An important step was taken at the beginning of 1933 when Electromobile was acquired. This firm was a small rival in the municipal market for larger vehicles. Three years later Associated Electric Vehicle Manufacturers (AEVM) was created by Young Accumulators as a means to acquire Electricars and Morrison, along with Hants Electric Chassis, a distributor.
At the time of their amalgamation Electricars and Morrison were responsible for 70% of electric vehicle production by value in the UK. The headquarters at the start were at Hall Green. Over a few years the Electricars range focussed on larger models, whilst Morrison concentrated on the lighter end of the market.
In 1941 AEVM was bought by Crompton Parkinson, a large electrical engineering company. Further product rationalisation took place and the following year a new brand name was announced: Morrison-Electricar. Over time, the Youngs accumulator brand gave way to ‘Crompton’. Incidentally, before it merged with Parkinson, Crompton had produced battery powered double-deck buses in 1909 and had also made innovations in electric vehicle design.
The City of Birmingham was an enthusiastic customer for its local products, acquiring 262 Midlands-built battery-electrics between 1919 and 1948, most of them Electricars. To take a snapshot, in 1935 it was running 148 electric refuse collectors which handled almost 92% of all refuse picked up in the city.
In 1938 the council’s Salvage Department put into service the first of an order for 72 new refuse collectors based on the Electricars DV4 chassis. These were evolutionary rather than revolutionary. They retained a side loading arrangement, without compaction, and the load was tipped out by raising a hydraulic ram on the vehicle at the council’s incineration and generating plant.
Production was interrupted by the outbreak of the Second World War and the need to fulfil wartime contracts, but continued on and off. The chassis were completed in Birmingham and then sent to the Morrison works outside Leicester where the cab and body were fitted. The last Electricars DV4 was completed in 1944. The Hall Green factory closed that year and AEVM was wound up, although the Electricars name survived as part of Morrison-Electricar.
The story of Electromobile is quite complex. The original British firm of this name was established in London around 1900 to supply cars. Starting out with imported French Krieger machines, from 1902 the company produced its own designs, aimed at a wealthy clientele. The chassis were built by Greenwood & Batley of Leeds and the bodies were by the Gloucester Carriage & Wagon company, among others. This market declined as firms like Daimler and Rolls-Royce began producing reliable and luxurious petrol cars and by 1910 the firm was making London taxis.
The name re-emerged around 1914, when Electromobiles Limited was established in Leeds. The plan was to use chassis from nearby Greenwood & Batley on their own 15 cwt design and also import electrics from America made by Commercial Truck (CT). CT was based in Philadelphia, and was taken over by Walker in 1928. Whether the Greenwood & Batley link signifies any connection with the earlier London business is unclear.
In 1916 the firm announced it had secured exclusive rights to market the Urban range of American vehicles, covering payloads ranging from 10 cwt to three tons. Urbans were built by the Kentucky Wagon Manufacturing Company of Louisville but production ended in 1918.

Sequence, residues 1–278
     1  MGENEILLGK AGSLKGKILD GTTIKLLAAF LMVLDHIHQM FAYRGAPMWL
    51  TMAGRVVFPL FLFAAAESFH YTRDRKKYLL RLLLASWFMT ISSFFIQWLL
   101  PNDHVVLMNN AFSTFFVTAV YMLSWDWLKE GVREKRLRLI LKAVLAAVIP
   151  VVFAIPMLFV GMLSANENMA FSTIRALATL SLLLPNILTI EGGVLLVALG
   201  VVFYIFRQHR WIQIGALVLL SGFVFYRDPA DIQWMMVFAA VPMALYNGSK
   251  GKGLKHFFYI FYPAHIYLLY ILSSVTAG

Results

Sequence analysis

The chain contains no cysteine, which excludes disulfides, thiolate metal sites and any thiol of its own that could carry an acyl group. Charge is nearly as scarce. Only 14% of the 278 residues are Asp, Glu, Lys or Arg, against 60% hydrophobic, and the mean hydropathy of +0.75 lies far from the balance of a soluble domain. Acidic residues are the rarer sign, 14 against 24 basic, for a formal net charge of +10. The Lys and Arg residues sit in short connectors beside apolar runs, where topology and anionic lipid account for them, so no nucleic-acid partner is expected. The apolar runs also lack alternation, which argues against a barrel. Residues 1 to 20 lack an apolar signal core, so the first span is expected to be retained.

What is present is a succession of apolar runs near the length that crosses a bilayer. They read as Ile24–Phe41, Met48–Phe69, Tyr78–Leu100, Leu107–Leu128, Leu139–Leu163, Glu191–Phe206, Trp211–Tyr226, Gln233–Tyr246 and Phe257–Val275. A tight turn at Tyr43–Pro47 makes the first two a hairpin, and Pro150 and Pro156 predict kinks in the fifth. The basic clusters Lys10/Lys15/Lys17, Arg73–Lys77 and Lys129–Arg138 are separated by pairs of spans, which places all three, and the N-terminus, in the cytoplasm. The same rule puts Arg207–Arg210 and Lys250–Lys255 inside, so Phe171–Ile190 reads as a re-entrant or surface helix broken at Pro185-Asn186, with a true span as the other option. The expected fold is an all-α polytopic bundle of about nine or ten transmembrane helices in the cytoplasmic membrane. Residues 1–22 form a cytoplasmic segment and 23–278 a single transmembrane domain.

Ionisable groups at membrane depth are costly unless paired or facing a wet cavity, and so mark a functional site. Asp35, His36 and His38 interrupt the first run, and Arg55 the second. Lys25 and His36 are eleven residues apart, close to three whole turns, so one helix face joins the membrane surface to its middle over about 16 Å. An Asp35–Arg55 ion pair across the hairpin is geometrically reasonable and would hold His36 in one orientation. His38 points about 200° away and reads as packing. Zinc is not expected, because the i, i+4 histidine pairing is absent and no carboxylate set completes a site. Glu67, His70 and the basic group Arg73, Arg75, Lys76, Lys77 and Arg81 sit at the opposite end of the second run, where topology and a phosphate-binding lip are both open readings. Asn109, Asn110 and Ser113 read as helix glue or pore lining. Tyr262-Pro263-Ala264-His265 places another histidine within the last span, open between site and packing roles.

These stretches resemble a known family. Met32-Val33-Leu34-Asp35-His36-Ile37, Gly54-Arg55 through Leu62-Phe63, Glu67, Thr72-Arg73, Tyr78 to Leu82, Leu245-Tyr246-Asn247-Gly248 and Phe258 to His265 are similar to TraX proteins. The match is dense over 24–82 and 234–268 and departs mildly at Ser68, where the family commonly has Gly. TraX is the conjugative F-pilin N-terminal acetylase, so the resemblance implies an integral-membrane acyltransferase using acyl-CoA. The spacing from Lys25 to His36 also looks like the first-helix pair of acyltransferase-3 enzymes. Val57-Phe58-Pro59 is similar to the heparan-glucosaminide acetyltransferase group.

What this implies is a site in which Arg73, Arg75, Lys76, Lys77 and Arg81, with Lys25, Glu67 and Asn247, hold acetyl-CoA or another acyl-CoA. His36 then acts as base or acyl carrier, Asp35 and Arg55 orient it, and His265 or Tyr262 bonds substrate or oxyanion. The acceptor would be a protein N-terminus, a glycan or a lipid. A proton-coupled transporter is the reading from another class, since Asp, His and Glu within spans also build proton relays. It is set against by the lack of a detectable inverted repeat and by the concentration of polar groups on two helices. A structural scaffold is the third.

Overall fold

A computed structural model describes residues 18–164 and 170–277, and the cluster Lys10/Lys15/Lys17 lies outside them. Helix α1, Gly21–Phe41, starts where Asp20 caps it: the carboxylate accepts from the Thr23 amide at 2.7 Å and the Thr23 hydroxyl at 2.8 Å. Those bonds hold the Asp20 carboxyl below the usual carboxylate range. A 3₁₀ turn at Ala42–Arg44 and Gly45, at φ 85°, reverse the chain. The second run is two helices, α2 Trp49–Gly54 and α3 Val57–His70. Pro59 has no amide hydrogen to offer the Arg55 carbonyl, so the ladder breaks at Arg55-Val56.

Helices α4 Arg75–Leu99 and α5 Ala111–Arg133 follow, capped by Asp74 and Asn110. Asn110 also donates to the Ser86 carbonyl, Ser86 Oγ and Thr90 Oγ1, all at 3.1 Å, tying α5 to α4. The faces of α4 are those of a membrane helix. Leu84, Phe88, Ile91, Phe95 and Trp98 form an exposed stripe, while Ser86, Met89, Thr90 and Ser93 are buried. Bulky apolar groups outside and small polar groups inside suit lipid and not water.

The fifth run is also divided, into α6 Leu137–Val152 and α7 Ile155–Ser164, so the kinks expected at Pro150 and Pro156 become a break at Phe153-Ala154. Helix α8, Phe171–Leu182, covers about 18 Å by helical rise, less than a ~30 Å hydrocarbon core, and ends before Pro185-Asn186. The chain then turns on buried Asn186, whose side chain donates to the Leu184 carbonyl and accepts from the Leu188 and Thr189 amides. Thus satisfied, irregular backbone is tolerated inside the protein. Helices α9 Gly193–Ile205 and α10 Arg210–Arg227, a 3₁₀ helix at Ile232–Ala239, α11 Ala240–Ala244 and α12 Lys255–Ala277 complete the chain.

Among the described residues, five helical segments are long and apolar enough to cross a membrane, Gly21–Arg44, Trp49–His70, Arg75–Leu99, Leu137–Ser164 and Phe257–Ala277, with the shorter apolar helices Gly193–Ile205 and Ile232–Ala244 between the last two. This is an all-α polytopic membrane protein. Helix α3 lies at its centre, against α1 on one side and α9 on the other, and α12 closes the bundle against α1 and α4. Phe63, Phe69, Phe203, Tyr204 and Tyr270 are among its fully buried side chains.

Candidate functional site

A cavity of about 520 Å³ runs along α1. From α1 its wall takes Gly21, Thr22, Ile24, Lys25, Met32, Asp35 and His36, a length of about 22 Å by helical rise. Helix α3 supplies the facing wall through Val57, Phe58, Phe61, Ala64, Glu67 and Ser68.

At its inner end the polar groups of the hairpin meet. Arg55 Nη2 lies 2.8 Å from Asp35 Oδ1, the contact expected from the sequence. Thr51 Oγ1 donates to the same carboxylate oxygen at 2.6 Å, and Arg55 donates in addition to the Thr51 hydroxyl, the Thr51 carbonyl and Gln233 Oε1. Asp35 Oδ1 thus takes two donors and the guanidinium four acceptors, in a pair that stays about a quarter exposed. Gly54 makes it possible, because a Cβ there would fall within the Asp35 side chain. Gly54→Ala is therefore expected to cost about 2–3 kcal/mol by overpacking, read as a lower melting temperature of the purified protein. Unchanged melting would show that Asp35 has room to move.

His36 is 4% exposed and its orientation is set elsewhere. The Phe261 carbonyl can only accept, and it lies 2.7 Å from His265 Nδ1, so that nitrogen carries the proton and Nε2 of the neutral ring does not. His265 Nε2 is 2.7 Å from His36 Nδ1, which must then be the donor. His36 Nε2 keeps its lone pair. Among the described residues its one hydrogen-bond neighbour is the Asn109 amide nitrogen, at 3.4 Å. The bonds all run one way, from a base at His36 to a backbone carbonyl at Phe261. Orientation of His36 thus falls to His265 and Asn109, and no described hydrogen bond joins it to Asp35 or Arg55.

The following year Electromobile became the sole UK distributor of CT electrics. The chassis were imported as kits for assembly at the Leeds works. However war conditions made importation more and more difficult, so Electromobile started to build CTs under licence.
The design emphasis was on simplicity. Heavier models were four-wheel drive with a motor mounted on each wheel. The motors were interchangeable front and rear and side to side, as were the springs and the axle forgings. It was claimed there were fewer parts on these four-wheel drive machines than on many competitors’ two-wheel drive units.
The two tonner was, in fact, front wheel drive with a very simple trailing axle. The batteries were housed in a compartment behind the cab. On this and other models, ergonomics was definitely not a consideration. A photograph of the five tonner in Marshall’s 1925 overview of the manufacturers shows a very robust looking tipper with a rudimentary cab perched ahead of the front wheels and reached by tiny and inconveniently placed steps.
On the other hand, Electromobiles were designed to be rugged and suitable for work in tough conditions. A four-wheel drive five ton tipper, sent for a long-term trial with the City of Birmingham for refuse collection, was kept for several months to see how it could handle wintry conditions. It had a shed-like cab with room for the driver and four others and the firm happily claimed that it could be safely overloaded by fifty per cent!
Throughout the 1920s Electromobile supplied a modest number of vehicles to municipalities and commercial enterprises, but does not seem to have been able to achieve the sales of fleets of machines achieved by competitors like Electricars and Garrett. By 1929 the company could offer a range from 10 cwt to ten tons.
In around 1921 the company moved to larger premises in Otley, a small town north west of Leeds. The site was next to a railway and this might have influenced the choice of site because Electromobile started manufacturing small electric rail shunters. In addition it also produced a variety of battery-electric industrial trucks and mobile cranes – plus a small number of petrol-driven vehicles.